Parashat Shemot: Prophets, With a Shadow of a Doubt

When God sends Moshe to the Jews, Moshe resists. After some back and forth, God arms Moshe with miracles, to prove himself.  That interaction raises the question, which will one day be relevant to us again, of how prophets prove themselves.

As Rambam pointed out, miracles are a poor way to do that, since they leave us unsure as to whether the person was sent by God or had discovered some way of accomplishing a particular trick (witchcraft, sorcery, an unknown scientific advance).  Rambam prefers another path.

He introduces the idea, accepted by most later authorities, that a person has to fit a certain profile before we would consider their candidacy .  The putative prophet has to be wise, of exceptional character, who lives the kind of life—filled with sanctity and partaking of the world’s pleasures abstemiously—we would expect of prophets.

That is not enough. Rambam is alert to the possibility that such a person might also perform wonders and still not be a true prophet. The best way to prove oneself, for Rambam, is to issue positive predictions, all of which come true, in all their details. This is what separates prophets from soothsayers, political pundits, or Wall Street analysts. In his view, a prophet would spend time building up his or her authenticity, making predictions that came true in all their details.

There’s some debate about details —Sefer haChinuch mentions two or three predictions as good enough, Rambam speaks of many more — but I am more interested here in how that might play out today.

Room for Controversy

The first piece, I believe, would be the fight over whether a certain prophet was worthy, with Jews of various camps certain that a prophet couldn’t come from another camp.  If the prophet’s hat or kippah or skirt or hair covering wasn’t the right size (too big, too small), shape, or material, how quickly might we say—and be sincere as we said it— that the person couldn’t be a prophet, because they don’t meet this prior criterion?

We would find more room to justify our resistance when the prophet started making demands.  It is a simple fact that prophets ask of us what we don’t want to do, bring messages we don’t want to hear. When the people ask Yirmiyahu if they should stay in Israel or go to Egypt after the murder of Gedalyah, I would have thought they would have rejoiced at his telling them that God wanted them to stay– and would keep them safe, and help them rebuild the land.  Instead, they call him a liar and go to Egypt anyway.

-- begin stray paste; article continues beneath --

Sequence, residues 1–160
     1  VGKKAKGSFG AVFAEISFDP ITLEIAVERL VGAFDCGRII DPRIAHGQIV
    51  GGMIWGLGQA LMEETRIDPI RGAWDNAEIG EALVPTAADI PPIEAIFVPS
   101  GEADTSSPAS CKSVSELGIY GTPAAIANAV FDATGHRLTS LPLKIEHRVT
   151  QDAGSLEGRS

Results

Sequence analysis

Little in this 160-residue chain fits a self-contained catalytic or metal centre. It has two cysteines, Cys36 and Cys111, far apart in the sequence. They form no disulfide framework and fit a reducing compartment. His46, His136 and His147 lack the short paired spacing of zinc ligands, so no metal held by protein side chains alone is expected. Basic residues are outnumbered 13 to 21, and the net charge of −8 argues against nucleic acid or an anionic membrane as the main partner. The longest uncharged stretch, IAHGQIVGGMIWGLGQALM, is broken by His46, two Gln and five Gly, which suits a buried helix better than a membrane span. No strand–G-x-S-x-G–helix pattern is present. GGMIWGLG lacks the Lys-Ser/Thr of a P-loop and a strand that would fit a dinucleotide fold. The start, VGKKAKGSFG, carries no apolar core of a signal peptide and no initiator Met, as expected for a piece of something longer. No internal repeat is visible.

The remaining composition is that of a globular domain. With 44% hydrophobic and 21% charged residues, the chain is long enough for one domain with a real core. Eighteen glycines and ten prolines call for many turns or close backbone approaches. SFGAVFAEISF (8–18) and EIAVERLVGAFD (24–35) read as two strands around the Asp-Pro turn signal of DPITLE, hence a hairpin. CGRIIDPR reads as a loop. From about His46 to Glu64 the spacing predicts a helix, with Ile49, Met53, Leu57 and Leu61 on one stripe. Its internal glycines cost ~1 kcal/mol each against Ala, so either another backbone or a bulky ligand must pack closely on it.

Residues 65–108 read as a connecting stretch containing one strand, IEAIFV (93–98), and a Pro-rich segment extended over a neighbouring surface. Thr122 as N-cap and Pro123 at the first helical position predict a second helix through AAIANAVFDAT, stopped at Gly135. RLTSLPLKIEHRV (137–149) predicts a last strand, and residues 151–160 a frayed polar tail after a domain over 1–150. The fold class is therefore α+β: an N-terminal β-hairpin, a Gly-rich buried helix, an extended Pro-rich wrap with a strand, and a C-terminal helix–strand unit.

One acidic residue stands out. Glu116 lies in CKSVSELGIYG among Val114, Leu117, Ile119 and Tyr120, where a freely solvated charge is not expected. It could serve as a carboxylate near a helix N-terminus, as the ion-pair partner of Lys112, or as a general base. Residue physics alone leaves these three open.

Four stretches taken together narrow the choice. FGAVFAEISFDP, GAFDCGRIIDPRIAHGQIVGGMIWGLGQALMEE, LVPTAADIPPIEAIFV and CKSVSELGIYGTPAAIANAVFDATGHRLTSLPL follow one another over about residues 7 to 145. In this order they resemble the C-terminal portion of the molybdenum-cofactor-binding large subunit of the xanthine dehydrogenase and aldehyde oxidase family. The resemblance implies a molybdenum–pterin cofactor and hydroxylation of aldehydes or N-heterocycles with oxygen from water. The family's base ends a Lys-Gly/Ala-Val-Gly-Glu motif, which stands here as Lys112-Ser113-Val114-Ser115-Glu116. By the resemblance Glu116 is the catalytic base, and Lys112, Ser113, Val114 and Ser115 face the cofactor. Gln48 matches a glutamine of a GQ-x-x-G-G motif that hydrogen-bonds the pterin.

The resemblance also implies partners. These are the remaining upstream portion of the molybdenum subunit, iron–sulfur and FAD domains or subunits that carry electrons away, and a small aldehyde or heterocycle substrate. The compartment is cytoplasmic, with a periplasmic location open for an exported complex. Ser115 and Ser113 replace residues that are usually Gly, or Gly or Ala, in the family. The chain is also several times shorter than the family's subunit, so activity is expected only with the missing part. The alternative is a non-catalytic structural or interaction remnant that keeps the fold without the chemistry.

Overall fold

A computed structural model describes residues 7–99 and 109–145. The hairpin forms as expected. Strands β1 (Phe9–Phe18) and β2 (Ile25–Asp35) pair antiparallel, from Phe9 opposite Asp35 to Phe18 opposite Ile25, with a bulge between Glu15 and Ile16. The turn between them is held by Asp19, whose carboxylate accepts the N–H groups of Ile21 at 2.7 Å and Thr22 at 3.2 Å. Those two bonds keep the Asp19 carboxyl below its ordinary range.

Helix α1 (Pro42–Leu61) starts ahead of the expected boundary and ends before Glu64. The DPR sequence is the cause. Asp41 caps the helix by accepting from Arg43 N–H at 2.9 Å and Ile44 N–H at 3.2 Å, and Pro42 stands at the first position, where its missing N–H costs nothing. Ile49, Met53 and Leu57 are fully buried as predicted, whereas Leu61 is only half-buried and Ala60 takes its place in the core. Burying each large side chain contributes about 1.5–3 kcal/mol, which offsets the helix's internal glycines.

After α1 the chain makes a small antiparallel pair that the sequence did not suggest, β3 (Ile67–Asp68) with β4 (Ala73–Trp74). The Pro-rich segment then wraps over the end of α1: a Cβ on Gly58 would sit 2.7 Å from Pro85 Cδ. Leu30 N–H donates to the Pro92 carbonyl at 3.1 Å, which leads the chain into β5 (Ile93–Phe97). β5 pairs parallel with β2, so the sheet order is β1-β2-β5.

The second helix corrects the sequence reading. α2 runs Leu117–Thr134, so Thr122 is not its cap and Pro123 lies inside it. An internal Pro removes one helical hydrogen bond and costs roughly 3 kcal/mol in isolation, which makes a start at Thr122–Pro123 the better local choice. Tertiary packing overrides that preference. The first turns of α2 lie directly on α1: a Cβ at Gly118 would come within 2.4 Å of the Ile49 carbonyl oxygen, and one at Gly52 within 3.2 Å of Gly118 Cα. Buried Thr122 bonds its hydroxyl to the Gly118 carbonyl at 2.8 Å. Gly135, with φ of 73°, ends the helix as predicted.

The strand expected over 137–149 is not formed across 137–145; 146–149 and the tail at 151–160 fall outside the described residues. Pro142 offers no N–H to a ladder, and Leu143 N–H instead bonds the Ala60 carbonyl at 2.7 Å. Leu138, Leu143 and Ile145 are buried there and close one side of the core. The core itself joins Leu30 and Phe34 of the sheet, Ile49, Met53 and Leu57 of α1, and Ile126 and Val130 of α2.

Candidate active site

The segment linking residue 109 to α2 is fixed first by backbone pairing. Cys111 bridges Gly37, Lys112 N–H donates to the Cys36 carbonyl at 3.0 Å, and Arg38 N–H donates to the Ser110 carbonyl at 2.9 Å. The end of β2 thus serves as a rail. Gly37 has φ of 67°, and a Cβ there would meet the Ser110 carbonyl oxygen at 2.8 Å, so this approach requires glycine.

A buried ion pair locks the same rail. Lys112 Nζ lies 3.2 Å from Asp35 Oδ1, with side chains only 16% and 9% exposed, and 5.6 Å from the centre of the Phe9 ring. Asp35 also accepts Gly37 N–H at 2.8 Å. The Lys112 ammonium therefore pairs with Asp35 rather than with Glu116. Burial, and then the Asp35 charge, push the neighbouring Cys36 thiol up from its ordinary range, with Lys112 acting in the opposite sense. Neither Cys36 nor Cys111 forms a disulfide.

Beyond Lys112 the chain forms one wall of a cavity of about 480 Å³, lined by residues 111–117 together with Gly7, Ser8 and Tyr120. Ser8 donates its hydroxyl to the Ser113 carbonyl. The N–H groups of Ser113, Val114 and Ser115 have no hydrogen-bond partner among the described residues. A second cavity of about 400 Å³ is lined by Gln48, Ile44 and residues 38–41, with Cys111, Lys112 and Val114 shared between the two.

Even to Violate the Torah

Counterintuitive is one thing, imagine if the prophet ever told us to diverge from halachah. While it’s well-accepted that this is within a prophet’s rights, the first time he or she did it, I can easily imagine resistance, especially among some Torah scholars—that would be a time when we would again check the prophet’s qualifications, review whatever wonders he or she had performed, make absolutely sure all of his or her predictions had come fully true.

Minchat Chinuch to Mitzvah 516 points out a way this could be even harder. While Rambam seems to require us to listen only where the prophet says Hashem specifically sent that message, Tosafot think we are obligated to listen to a prophet’s ideas, even if those violate the Torah, even when not Divinely inspired.  When Eliyahu offered a sacrifice on Mount Carmel, violating the law that sacrifices are allowed only in the Temple, Tosafot seem to assume that wasn’t the result of a prophecy.

That means a prophet could come to the Jews of x town with some outlandish-sounding demand. The people might say, “Did Hashem say we needed to do that?” and, for Tosafot, the prophet could say no, it’s simply clear to me that that is what needs to happen. For Tosafot, we’d be required, by Torah law, to listen! Now that’s hard.

It’s easy to watch Moshe resist the call to prophecy, because we don’t expect that that’s going to happen to us.  It’s easy to look down on the Jews who became frustrated with Moshe when his prophecies didn’t work out right away, because we know the end of the story.

What’s not easy is preparing ourselves to be the kinds of people who don’t fall for charlatan prophets—who will look very much like regular prophets, be very impressive in many ways, and may even perform acts that seem miraculous—yet do accept those prophets who follow the authorized process for certifying themselves. And, hardest of all, being ready to listen to such a person’s prophecies (or even, for Tosafot, their thoughts on the best course of action even when not prophetic), even when it violates the way we’ve lived our life until now, even when it forces us to abandon our own intuition, logic, and worldview, in submission to the Word of God such a person could bring.

We haven’t seen this challenge in some time, and are probably out of practice at facing it. Seeing Moshe be called to prophecy offers us the chance to scrape off the rust, to remind ourselves of that prophecy happens and when it does, it obligates us to put aside our own views and listen to the prophet’s.

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About the Author
Rabbi Dr. Gidon Rothstein has served in the community rabbinate and in educational roles at the high school and adult level. He is an author of Jewish fiction and non-fiction, most recently "We're Missing the Point: What's Wrong with the Orthodox Jewish Community and How to Fix It." He lives in Bronx, NY with his wife and three children.
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